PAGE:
In their investigation Spilatro and Anderson (1989) reported several studies regarding isolation and purification of soybean lectin. Soybean lectin (SBL) was originally purified by Leiner and Pallansch in 1952 and the same lectin was purified on affinity column with immobilized aminocaproyl-β-D- galactosylamine coupled to Sepharose by Sharon and Lis (2004). The molecular weight (Mr) was found to be 110,00 dalton consisting of four identical subunits of around 30,000±500 (Lis and Sharon, 1973). Lectins have also been characterized from the soybean vegetative tissues and roots. A lectin was reported to be present in the leaves of soybean that possessed structural and immunological similarities to SBA. Like SBA, the soybean leaf protein is a 120 kD glycoprotein with a tetrameric arrangement of subunits. The subunits of the leaf protein have molecular masses of 28 and 33 kD and react with antibodies raised against the seed lectin (Spilatro and Anderson, 1989).

In the present study, a lectin was isolated from a local Kashmiri variety of Soybean. To accomplish this, seeds of Soybean (Glycine max) were investigated for the presence of lectins. As presented above, SBL seemed to bind to some components of the erythrocytes. Crude extract from Soybean seeds were shown to contain lectin(s), evident by cross reacting with 5% erythrocyte suspension as explored by hemagglutination. Each step of the purification was monitored for lectin activity by measuring agglutination of these specifically prepared red blood cells. This test was of prime importance since it determined whether the carbohydrate binding characteristics of the final product have survived the procedures utilized thus far in the purification of the lectin. Carbohydrate specificity of the lectin was investigated by monitoring the displacement of the bound lectin from erythrocytes by various sugars. The purified protein was found to bind N- acetyl galactosamine, galactose and other carbohydrates containing the galactopyranosyl residue. Further, the protein was found to agglutinate human erythrocytes of all the four blood groups; A, B, AB and O revealing its non-specificity.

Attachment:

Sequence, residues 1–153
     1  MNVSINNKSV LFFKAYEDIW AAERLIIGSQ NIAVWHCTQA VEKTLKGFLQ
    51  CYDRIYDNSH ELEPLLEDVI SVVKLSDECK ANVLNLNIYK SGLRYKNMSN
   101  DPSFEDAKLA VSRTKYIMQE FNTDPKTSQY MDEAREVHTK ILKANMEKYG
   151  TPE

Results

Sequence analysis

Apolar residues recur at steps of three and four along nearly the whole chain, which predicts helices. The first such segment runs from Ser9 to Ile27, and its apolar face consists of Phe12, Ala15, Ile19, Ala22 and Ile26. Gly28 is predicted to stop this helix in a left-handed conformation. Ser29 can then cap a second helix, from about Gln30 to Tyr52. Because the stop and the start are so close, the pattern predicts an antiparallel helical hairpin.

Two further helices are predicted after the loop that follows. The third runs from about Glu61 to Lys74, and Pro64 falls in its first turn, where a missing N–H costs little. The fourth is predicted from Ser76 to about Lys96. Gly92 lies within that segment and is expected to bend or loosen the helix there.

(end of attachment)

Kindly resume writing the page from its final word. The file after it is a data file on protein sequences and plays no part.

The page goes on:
The purified SBL obtained gave a single peak in gel filtration chromatography and when subjected to electrophoresis under native conditions, moved as a single band showing a native molecular mass of 110 kDa. Under denaturing and reducing conditions in the presence of sodium dodecyl sulphate (SDS) and 2-β, mercaptoethanol according to Laemmli (1970), the lectin moved and again a single band was obtained at a position of 30 kDa, establishing the fact that the lectin is composed of four identical subunits. Present results were in consistence with the results obtained by Franco-Fraguas et al. (2003) and Lis and Sharon (1973) however, in contrast to the results obtained by Lis et al. (1966) mannose did not show any inhibition of agglutination. A single band in PAGE and a single peak in gel-filtration chromatography confirmed the purity of the lectin preparation.

In summary, the results presented here provide evidence of the isolated soybean lectin, obtained from the seeds and show that this lectin possesses carbohydrate-binding site for a specific sugar i.e., galactose and its sugar derivative N-acetyl galactosamine and oligosaccharides containing terminal N-acetyl galactosamine. Also the soybean lectin (SBL), did not show any blood group specificity i.e., reacts equally with all the four human blood group type erythrocytes.


The study was funded by the University of Kashmir, J and K, India.

De Mejia, E.G. and V.I. Prisecaru, 2005. Lectins as bioactive plant proteins: A potential in cancer treatment. Crit. Rev. Food Sci. Nutr., 45: 425-445.
CrossRef  |  Direct Link  |  

Diaz, C.L., L.S. Melchers, P.J.J. Hooykaas, B.J.J. Lugtenberg and J.W. Kijne, 1989. Root lectin as a determinant of host-plant specificity in the Rhizobium-legume symbiosis. Nature, 338: 579-581.
CrossRef  |  Direct Link  |  

Entlicher, E.G., V.V. Kostır and J. Kocourek, 1970. Studies on phytohem-agglutinins: III. Isolation and characterization of hemagglutinins from the pea (Pisum sativum L.). Biochim. Biophys. Acta, 221: 272-281.
PubMed  |  

Franco-Fraguas, L., A. Pla, F. Ferreira, H.M.N. Suarez and F. Batista-Viera, 2003. Preparative purification of soybean agglutinin by affinity chromatography and its immobilization for polysaccharide isolation. J. Chromatogr. B, 790: 365-372.
CrossRef  |  

Gorocica, P., R. Lascurain, P. Hemandez, F. Porras, S. Bouquelet, L. Vazquez and E. Zenteno, 1998. Isolation of the receptor for Amaranthus leucocarpus lectin from marine peritoneal macrophages. Glycoconjugate J., 15: 809-814.
PubMed  |  

Hsu, K.L., K.T. Pilobello and L.K. Mahal, 2006. Analysing the dynamic bacterial glycome with a lectin microarray approach. Nat.Chem. Biol., 2: 153-157.
CrossRef  |  Direct Link  |